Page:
There are few things which have the same potential to revolutionise teaching and learning as technological innovation. Many schools have been quick to adapt and integrate new technologies into the classroom. But with so many possibilities, the big challenge for schools has been how to harness them in ways that improve outcomes and don’t break the bank.
In the hurry to jump on the tech bandwagon as it speeds past, it can be easy to forget why we want to be on board in the first place.
The best research, summarised in the Education Endowment Foundation’s Teaching and Learning Toolkit, tells us that technology is not an end in itself: it should be used to supplement other teaching, rather than replace more traditional approaches. In short, it is unlikely that particular technologies bring about changes in learning directly, but instead affect teaching and learning interactions instead, such as by providing more effective feedback or motivating students to practise more. Just having a tablet computer, for example, isn’t going to make a difference; the key is how a teacher uses it with their students for maximum benefit.
The possibilities technology offers to improve learning are far-reaching and tremendously exciting. The question has shifted from whether technology should have a place in the classroom to understanding which technologies should be used for what specific purposes and with which particular groups of learners.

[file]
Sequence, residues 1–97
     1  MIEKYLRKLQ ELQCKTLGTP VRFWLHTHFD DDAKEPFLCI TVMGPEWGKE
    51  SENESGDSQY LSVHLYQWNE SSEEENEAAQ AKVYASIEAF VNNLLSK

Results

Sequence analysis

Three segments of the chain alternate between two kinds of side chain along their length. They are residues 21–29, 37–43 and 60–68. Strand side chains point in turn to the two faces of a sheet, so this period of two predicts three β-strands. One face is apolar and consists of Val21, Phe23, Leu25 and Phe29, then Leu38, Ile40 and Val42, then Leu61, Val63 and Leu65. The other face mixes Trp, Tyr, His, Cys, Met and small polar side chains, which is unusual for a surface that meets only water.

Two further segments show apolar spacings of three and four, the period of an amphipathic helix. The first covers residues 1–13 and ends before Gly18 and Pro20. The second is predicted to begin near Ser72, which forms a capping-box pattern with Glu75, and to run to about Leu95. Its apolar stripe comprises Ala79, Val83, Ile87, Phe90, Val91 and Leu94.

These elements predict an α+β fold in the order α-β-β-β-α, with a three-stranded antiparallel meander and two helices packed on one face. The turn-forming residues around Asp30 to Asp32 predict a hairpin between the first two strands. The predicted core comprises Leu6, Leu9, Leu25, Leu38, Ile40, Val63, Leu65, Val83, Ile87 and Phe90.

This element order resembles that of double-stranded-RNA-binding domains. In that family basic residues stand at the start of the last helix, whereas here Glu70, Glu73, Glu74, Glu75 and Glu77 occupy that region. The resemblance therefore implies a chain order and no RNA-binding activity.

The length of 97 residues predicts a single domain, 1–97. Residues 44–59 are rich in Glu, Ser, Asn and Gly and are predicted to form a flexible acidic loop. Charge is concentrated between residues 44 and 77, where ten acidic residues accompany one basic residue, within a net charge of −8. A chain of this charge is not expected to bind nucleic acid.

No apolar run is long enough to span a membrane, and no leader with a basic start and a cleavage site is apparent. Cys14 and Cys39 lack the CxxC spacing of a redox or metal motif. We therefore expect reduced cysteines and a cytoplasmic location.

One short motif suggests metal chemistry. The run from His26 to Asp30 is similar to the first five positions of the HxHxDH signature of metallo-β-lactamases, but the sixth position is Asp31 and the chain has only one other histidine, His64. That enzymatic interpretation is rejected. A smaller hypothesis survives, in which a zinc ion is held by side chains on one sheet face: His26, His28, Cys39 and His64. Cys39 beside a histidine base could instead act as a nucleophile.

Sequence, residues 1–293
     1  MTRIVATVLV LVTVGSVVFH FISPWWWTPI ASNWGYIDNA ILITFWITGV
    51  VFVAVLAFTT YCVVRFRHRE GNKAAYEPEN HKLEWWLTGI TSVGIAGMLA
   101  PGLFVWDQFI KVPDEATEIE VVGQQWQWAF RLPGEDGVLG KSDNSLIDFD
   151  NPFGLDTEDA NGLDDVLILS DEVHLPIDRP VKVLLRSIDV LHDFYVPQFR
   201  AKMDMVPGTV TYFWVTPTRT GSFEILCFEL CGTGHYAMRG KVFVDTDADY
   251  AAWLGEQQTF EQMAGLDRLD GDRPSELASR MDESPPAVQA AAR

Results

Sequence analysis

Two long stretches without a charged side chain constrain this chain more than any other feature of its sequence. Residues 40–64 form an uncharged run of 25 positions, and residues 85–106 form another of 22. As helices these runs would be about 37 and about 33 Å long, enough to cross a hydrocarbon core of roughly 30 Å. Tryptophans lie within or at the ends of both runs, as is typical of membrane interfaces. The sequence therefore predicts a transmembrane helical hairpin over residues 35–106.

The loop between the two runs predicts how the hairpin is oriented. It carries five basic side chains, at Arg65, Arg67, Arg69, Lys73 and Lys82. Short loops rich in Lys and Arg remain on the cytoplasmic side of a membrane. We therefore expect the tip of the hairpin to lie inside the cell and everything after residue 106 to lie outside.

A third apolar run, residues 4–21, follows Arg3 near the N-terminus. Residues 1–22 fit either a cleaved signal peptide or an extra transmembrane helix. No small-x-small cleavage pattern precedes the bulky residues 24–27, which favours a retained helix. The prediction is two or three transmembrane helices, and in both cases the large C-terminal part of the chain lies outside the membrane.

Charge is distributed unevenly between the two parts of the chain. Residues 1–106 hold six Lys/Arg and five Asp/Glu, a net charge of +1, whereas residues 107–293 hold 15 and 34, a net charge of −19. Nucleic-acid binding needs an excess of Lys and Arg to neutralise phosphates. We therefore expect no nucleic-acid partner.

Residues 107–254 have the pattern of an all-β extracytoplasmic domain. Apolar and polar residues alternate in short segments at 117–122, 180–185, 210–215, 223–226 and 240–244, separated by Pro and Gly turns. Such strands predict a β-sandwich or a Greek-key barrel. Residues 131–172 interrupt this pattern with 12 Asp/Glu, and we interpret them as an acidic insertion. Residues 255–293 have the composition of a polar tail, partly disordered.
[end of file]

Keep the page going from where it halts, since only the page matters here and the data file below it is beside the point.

Should schools try and improve learning by strengthening relationships with parents through regular text messages? Or should they take a more radical approach by experimenting with ‘flipped classrooms’, where lessons are first studied by pupils on their own at home, leaving more time in class for discussion and feedback? These are all questions the Education Endowment Foundation is investigating through rigorous randomised control trials in schools.
We believe that teachers need access to high-quality evidence of which approaches have worked in the past if they are to make the best decisions on where to spend precious time and resources in the future. If schools, developers and universities alike put serious effort into evaluation, we will be in the best position to capture the educational benefits of new technology, as well as avoiding some expensive mistakes.
Author: Sir Peter Lampl
Founder and Chairman of the Sutton Trust
Chairman of the Education Endowment Foundation